She says: “This is what the past is for! Every experience God gives us, every person he puts in our lives is the perfect preparation for the future that only He can see.”
I want to end this journal with a story from her book about finding things to be thankful for, even in the darkest of circumstances. It is something I needed to be reminded of this evening, and I am hoping that it will speak to you as well. Corrie and her sister had been taken to a concentration camp after it was discovered they had been hiding Jews in their family’s shop. Here is an excerpt:
It grew harder and harder. Even within these four walls there was too much misery, too much seemingly pointless suffering. Every day something else failed to make sense, something else grew too heavy.
Then as our eyes adjusted to the gloom we saw that there were no individual beds at all, but great square tiers stacked three high, and wedged side by side and end to end with only an occasional narrow aisle slicing through.
We followed our guide single file–the aisle was not wide enough for two–fighting back the claustrophobia of these platforms rising everywhere above us…At last she pointed to a second tier in the center of a large block.
To reach it, we had to stand on the bottom level, haul ourselves up, and then crawl across three other straw-covered platforms to reach the one that we would share with–how many?
The deck above us was too close to let us sit up. We lay back, struggling against the nausea that swept over us from the reeking straw…Suddenly I sat up, striking my head on the cross-slats above. Something had pinched my leg.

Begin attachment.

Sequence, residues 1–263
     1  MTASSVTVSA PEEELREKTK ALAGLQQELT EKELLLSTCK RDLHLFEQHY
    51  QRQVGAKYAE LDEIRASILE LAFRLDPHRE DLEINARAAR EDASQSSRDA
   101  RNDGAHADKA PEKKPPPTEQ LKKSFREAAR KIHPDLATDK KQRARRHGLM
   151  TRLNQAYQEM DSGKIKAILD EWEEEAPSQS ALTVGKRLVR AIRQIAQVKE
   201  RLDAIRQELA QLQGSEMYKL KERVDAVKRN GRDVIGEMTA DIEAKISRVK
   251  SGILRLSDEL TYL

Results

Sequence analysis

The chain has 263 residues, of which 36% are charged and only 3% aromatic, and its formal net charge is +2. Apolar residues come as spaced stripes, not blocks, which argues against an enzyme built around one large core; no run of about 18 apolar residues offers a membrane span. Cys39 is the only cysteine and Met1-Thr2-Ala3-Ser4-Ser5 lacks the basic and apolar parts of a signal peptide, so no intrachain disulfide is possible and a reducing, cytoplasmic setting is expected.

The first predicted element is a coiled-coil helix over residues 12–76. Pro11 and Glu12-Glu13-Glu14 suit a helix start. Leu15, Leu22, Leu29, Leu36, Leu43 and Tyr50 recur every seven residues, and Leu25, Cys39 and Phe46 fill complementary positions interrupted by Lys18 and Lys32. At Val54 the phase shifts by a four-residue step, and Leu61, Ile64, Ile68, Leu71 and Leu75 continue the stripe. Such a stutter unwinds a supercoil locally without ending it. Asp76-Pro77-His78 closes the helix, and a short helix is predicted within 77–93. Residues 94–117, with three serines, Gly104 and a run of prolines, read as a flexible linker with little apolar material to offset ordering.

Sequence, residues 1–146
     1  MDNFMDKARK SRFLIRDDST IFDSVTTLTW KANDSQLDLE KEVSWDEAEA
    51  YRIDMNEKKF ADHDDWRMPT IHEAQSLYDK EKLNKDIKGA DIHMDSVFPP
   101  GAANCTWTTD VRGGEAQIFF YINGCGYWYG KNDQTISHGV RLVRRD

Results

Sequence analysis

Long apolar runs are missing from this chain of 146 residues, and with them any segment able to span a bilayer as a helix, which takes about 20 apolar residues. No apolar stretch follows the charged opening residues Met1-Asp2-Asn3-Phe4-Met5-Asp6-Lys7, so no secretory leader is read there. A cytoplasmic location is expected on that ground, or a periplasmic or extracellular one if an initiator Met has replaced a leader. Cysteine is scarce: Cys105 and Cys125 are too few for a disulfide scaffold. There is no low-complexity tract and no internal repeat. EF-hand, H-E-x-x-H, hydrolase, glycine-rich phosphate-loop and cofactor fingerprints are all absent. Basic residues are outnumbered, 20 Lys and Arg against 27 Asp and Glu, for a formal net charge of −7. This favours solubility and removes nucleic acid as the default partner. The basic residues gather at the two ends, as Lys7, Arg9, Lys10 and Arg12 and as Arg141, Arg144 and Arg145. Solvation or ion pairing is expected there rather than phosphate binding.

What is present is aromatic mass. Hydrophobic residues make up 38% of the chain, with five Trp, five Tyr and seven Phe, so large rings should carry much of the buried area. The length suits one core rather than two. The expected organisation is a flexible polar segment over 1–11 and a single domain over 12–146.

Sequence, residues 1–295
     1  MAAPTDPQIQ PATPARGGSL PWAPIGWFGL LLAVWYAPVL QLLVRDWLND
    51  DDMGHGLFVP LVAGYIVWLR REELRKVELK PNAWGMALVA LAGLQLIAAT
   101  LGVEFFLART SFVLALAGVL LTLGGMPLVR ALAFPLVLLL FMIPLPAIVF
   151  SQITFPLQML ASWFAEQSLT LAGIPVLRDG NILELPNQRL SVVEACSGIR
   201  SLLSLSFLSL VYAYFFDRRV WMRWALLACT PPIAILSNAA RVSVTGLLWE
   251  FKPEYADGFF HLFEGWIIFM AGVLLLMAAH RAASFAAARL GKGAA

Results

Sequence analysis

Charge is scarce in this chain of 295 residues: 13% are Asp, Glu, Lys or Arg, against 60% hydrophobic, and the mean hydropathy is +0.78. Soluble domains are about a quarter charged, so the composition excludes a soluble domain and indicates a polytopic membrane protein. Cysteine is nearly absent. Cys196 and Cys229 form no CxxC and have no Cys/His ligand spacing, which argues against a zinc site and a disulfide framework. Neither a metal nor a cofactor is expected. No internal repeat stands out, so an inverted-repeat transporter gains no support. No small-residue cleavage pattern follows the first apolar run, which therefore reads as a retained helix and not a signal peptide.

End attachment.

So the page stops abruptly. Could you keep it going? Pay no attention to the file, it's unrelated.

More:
‘Fleas!’ I cried. ‘Betsie, the place is swarming with them!’
We scrambled across the intervening platforms, heads low to avoid another bump, dropped down to the aisle and hedged our way to a patch of light.
‘Here! And here another one!’ I wailed. ‘Betsie, how can we live in such a place!’
‘Show us. Show us how.’ It was said so matter of factly it took me a second to realize she was praying. More and more the distinction between prayer and the rest of life seemed to be vanishing for Betsie.
‘Corrie!’ she said excitedly. ‘He’s given us the answer! Before we asked, as He always does! In the Bible this morning. Where was it? Read that part again!’
I glanced down the long dim aisle to make sure no guard was in sight, then drew the Bible from its pouch. ‘It was in First Thessalonians,’ I said. We were on our third complete reading of the New Testament since leaving Scheveningen.
In the feeble light I turned the pages. ‘Here it is: “Comfort the frightened, help the weak, be patient with everyone. See that none of you repays evil for evil, but always seek to do good to one another and to all…'” It seemed written expressly to Ravensbruck.
‘Go on,’ said Betsie. ‘That wasn’t all.’
‘Oh yes:’…“Rejoice always, pray constantly, give thanks in all circumstances; for this is the will of God in Christ Jesus.'”